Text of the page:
Thursday, March 22, 2018

A victim or is she really insane?

Claire Foy plays a woman institutionalized against her will in Unsane. Steven Soderbergh directs.

Filmed with iPhones by director Steven Soderbergh and built around a powerhouse performance by Claire Foy, Unsane offers moments that shock, unsettle and work on your nerves. And in playing a woman who's put through a physical and emotional wringer, Foy wipes out all memories of the dignity and composure she projected as Queen Elizabeth in The Crown.

Unsane also boasts a bit of head-spinning substance: The movie makes us wonder how we might go about defending our sanity if we suddenly were institutionalized, having mistakenly -- or so we believed -- been identified as a danger to ourselves and others.

Foy plays Sawyer Valentini, a banking analyst who's trying to establish herself in a new city. As the story develops, Sawyer is tested at the deepest levels. Unsane hardly qualifies as a small classic, but the movie wouldn't work at all if Foy had failed to communicate a sense of vulnerability and, just as important, a potential for violence.

After a disturbing incident with a man she picks up at a bar, Sawyer decides to see a counselor. She's fearful of being followed by a stalker. Why someone as capable as Sawyer would seek psychological help at an institution rather than in a more traditional setting -- the privacy of a psychiatrist’s office, for example -- never is made clear, one of several tests of the story's credibility.

An intake officer decides that because Sawyer has thought — albeit tenuously — about suicide, she should be admitted on a 24-hour-hold. Sawyer signs a few papers thinking that she’s signing up for counseling. Without realizing what she's done, she ascents to her own commitment.

The more Sawyer aggressively protests, the more the attendants believe she really needs help. After a few violent outbursts, Sawyer's 24-hour hold is extended to seven days. Her mother (Amy Irving) is sympathetic, but can't obtain Sawyer's release.

Unsane functions on at least two levels. The first involves a social dimension: Is this institution committing people against their will in order to collect insurance money? When such monies run out, the supposedly insane suddenly become sane again. Mental health care becomes a profit-oriented scam.

On a second level, the movie pushes Sawyer to wonder whether she really might be insane. If all the people around you seem to be insane — why else would you find yourself in their company?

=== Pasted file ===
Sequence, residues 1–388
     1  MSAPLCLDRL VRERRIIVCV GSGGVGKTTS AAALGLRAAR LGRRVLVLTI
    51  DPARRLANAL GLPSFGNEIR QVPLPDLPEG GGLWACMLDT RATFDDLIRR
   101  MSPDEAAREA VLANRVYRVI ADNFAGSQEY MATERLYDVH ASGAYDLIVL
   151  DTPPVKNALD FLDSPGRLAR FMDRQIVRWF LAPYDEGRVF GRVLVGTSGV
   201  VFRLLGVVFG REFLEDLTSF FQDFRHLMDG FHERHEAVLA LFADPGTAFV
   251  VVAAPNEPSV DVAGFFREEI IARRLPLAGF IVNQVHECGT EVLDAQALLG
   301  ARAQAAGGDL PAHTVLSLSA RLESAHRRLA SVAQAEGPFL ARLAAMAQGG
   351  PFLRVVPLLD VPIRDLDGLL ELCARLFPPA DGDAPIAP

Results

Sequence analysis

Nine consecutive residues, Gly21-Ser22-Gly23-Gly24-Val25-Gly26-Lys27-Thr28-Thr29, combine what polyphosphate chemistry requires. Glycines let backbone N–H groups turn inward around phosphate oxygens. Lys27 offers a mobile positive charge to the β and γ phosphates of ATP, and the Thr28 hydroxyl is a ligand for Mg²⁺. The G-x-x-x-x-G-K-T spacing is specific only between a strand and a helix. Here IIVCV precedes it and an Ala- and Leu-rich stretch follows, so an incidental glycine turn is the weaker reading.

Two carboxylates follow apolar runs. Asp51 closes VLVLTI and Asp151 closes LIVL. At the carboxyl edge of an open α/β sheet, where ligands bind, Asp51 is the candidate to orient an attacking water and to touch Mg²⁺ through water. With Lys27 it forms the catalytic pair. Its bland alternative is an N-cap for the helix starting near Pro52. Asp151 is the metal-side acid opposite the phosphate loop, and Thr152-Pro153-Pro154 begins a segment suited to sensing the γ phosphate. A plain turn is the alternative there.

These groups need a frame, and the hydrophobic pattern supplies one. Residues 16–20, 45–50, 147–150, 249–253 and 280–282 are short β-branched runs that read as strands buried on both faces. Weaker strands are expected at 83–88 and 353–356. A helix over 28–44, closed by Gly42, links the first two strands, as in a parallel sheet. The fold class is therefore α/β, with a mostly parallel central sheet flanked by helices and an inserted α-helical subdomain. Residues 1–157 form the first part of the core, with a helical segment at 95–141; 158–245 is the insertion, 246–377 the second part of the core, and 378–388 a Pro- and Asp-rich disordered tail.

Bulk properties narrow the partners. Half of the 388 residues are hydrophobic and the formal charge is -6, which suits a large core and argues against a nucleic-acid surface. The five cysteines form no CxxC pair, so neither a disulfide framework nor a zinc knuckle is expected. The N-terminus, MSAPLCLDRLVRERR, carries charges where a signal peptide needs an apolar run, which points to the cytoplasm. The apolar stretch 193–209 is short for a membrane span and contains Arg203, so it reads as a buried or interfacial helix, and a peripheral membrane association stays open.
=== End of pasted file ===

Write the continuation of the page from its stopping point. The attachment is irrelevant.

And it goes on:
Working from a screenplay by Jonathan Bernstein and James Greer, Soderbergh effectively keeps us wondering about Sawyer for quite some time.

The story takes a turn toward horror when a new attendant (Joshua Leonard) shows up at the hospital. Sawyer accuses the attendant of being the man who stalked her in Boston, forcing her to move to Pennsylvania to escape his reach.

No one believes Sawyer, who finds only one ally inside the institution. Nate (Jay Pharoah), a man who has been committed for opiate addiction, has managed to smuggle in a cell phone which he shares with Sawyer.

Initially, Soderbergh’s use of iPhones gives the movie’s images an off-kilter feel that creates a mood of disconnection from the ordinary. Overall, though, I’m not sure there was a great deal of gain in making the movie this way — unless it was to keep costs to a minimum.

Despite some plot leaps that are difficult to swallow and a reveal that arrives too early, there’s enough in Unsane to keep it watchable, providing you don’t mind a surrender to horror-movie ploys before Soderbergh calls it quits.

I don't imagine that Unsane will be a major box-office performer, but it serves as a clear announcement that Foy is more than a regal presence. As Sawyer, she’s vulnerable, frightening and assertive. Her performance goes a long way toward saving a movie that isn’t always able to resist its less imaginative impulses.

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